Learn about the difference in investing in a REIT for a single real estate company versus investing in a REIT ETF that tracks a larger REIT index.
  2. Investing

    A Look at REITs vs. Real Estate Mutual Funds (ESRT, TRREX)

    REITs and real estate mutual funds have their differences, yet they both offer liquidity and easy access to diversified real estate assets.
  3. Financial Advisor

    REITs: Why They're So Hot Right Now

    They've been substantially outperforming both stocks and bonds for the past several months.
  4. Investing

    What To Expect From REITs In 2014

    While REITs will face a number of challenges in 2014, one particular issue will be the focus of investors: rising interest rates.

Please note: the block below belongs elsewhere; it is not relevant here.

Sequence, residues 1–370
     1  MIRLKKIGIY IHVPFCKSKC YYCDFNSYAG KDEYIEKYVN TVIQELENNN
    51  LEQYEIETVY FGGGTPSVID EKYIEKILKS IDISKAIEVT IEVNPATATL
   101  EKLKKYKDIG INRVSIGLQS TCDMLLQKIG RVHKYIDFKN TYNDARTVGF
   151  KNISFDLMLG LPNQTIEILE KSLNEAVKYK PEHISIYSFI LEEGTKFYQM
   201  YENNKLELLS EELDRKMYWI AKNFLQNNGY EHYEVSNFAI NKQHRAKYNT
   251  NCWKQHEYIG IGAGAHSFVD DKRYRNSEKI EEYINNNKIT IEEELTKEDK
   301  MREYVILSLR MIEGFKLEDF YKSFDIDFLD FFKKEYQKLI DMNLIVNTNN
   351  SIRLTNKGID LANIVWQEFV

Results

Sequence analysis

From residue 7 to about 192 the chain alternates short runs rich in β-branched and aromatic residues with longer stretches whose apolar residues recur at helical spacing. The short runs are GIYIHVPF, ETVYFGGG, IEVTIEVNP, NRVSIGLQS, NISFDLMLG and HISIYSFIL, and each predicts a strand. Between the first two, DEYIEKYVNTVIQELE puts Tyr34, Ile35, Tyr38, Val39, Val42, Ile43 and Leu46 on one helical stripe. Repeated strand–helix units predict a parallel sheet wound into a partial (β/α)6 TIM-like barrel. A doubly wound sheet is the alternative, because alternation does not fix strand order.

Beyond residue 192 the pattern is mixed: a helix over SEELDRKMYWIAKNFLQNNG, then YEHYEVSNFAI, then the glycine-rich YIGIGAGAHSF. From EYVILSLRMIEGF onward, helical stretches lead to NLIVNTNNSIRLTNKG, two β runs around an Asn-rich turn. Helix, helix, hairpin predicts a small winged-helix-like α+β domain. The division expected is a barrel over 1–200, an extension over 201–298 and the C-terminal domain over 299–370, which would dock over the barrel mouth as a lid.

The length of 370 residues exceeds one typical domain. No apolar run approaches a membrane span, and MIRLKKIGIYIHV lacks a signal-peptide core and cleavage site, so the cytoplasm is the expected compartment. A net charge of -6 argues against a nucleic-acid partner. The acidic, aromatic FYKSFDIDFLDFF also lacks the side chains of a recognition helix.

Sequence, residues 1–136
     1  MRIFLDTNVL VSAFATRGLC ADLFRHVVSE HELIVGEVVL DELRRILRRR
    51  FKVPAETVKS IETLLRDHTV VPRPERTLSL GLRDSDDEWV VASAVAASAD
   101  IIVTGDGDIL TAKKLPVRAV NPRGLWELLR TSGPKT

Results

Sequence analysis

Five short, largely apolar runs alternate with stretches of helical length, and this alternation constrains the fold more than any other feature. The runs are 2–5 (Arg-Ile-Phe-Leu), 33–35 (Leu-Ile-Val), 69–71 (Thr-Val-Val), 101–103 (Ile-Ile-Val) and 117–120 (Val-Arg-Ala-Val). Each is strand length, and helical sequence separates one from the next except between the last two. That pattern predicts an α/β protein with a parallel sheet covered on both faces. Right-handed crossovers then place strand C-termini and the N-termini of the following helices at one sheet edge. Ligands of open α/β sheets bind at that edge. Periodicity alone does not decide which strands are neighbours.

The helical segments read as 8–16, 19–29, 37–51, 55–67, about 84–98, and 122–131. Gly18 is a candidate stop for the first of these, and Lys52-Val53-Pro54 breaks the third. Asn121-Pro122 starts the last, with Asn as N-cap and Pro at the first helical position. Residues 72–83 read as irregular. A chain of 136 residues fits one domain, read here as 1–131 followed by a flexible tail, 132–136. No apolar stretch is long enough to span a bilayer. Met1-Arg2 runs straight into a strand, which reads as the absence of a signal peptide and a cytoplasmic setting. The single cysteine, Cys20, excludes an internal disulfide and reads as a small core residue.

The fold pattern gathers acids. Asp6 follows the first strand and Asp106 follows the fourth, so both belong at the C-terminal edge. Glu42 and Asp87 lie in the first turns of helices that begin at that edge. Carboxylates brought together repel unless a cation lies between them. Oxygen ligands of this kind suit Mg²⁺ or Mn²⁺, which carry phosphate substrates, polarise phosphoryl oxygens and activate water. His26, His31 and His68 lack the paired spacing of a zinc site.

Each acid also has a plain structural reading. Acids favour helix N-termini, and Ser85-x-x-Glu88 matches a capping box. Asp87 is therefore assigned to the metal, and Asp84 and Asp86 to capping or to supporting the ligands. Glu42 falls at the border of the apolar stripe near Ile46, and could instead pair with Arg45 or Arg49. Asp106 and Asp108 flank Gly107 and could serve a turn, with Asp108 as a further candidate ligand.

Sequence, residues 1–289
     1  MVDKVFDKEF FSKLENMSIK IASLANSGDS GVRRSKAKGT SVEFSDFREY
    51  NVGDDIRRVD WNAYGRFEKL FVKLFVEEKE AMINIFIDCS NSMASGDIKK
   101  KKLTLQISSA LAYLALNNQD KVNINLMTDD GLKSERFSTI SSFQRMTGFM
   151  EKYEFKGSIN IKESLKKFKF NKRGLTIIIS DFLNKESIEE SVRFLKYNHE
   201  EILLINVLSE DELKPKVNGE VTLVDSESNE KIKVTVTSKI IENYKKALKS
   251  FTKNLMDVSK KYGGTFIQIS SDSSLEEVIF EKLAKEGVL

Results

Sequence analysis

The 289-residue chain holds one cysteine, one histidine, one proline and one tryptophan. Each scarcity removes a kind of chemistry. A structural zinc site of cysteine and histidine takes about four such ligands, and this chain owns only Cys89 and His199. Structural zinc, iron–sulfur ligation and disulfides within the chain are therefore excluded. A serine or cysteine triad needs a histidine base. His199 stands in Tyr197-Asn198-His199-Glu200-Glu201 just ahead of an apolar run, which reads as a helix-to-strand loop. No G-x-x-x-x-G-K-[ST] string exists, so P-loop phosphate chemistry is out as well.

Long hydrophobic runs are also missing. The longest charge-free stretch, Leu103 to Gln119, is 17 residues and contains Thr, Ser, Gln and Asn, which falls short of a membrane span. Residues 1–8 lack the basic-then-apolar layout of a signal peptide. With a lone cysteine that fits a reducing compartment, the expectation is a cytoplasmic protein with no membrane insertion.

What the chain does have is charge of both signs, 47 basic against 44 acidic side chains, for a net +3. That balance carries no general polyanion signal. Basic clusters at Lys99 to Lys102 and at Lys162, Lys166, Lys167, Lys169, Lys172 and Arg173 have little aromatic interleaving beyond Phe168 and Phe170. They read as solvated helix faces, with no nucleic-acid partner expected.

5. Investing

    REITs Could be Affected by Higher Interest Rates

    Learn how REITs may be impacted by an increase in interest rates, and understand why certain types of REITs could benefit from higher rates.
  6. Investing

    The REIT Way

    Ever considered investing in real estate? Read about the REIT and see if it's the investment for you.
  7. Investing

    The Basics of Reinvesting REIT Dividends

    Learn the essentials of dividend reinvestment in real estate investment trusts and how a dividend reinvestment plan can magnify your long-term returns.
  8. Investing

    3 Cheap REIT ETFs That Stand Out (SCHH, FREL)

    Discover three low-cost exchange-traded funds that hold stocks of real estate investment trusts (REITs) and provide unique perspectives on the REIT industry.
  9. Investing

    Real Estate Investing: 3 Methods For Exposure Other Than Physical Assets (O, VNQ)

    Find out the ways investors can participate in the growth and income of the real estate market without having to own physical properties.